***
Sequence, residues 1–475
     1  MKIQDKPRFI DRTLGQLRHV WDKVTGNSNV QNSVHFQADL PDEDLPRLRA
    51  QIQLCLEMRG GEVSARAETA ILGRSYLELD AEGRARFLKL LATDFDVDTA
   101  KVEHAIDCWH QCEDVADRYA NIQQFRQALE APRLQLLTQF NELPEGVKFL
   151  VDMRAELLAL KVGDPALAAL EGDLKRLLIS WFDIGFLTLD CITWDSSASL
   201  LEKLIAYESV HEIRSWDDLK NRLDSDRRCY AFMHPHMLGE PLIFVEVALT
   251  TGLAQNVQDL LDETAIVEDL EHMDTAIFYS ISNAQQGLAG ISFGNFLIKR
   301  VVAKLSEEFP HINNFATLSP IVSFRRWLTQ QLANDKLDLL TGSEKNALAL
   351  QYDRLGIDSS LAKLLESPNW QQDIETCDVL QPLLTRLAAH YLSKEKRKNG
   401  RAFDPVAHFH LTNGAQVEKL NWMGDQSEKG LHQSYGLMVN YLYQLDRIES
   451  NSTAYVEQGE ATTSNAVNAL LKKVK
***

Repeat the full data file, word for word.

Sequence, residues 1–475
     1  MKIQDKPRFI DRTLGQLRHV WDKVTGNSNV QNSVHFQADL PDEDLPRLRA
    51  QIQLCLEMRG GEVSARAETA ILGRSYLELD AEGRARFLKL LATDFDVDTA
   101  KVEHAIDCWH QCEDVADRYA NIQQFRQALE APRLQLLTQF NELPEGVKFL
   151  VDMRAELLAL KVGDPALAAL EGDLKRLLIS WFDIGFLTLD CITWDSSASL
   201  LEKLIAYESV HEIRSWDDLK NRLDSDRRCY AFMHPHMLGE PLIFVEVALT
   251  TGLAQNVQDL LDETAIVEDL EHMDTAIFYS ISNAQQGLAG ISFGNFLIKR
   301  VVAKLSEEFP HINNFATLSP IVSFRRWLTQ QLANDKLDLL TGSEKNALAL
   351  QYDRLGIDSS LAKLLESPNW QQDIETCDVL QPLLTRLAAH YLSKEKRKNG
   401  RAFDPVAHFH LTNGAQVEKL NWMGDQSEKG LHQSYGLMVN YLYQLDRIES
   451  NSTAYVEQGE ATTSNAVNAL LKKVK